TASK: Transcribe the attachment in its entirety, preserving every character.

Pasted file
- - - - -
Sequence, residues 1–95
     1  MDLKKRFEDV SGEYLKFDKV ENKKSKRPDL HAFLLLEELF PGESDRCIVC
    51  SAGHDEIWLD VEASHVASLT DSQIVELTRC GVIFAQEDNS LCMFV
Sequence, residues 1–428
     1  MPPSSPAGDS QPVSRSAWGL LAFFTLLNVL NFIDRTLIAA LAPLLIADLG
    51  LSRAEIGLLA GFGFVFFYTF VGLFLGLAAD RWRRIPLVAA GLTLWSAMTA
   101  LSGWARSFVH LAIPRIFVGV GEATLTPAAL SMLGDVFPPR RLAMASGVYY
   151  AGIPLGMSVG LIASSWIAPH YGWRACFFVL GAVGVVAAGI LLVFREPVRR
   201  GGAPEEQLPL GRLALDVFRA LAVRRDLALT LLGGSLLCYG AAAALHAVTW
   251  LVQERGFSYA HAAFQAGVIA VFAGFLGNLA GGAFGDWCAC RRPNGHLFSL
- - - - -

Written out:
Sequence, residues 1–95
     1  MDLKKRFEDV SGEYLKFDKV ENKKSKRPDL HAFLLLEELF PGESDRCIVC
    51  SAGHDEIWLD VEASHVASLT DSQIVELTRC GVIFAQEDNS LCMFV
Sequence, residues 1–428
     1  MPPSSPAGDS QPVSRSAWGL LAFFTLLNVL NFIDRTLIAA LAPLLIADLG
    51  LSRAEIGLLA GFGFVFFYTF VGLFLGLAAD RWRRIPLVAA GLTLWSAMTA
   101  LSGWARSFVH LAIPRIFVGV GEATLTPAAL SMLGDVFPPR RLAMASGVYY
   151  AGIPLGMSVG LIASSWIAPH YGWRACFFVL GAVGVVAAGI LLVFREPVRR
   201  GGAPEEQLPL GRLALDVFRA LAVRRDLALT LLGGSLLCYG AAAALHAVTW
   251  LVQERGFSYA HAAFQAGVIA VFAGFLGNLA GGAFGDWCAC RRPNGHLFSL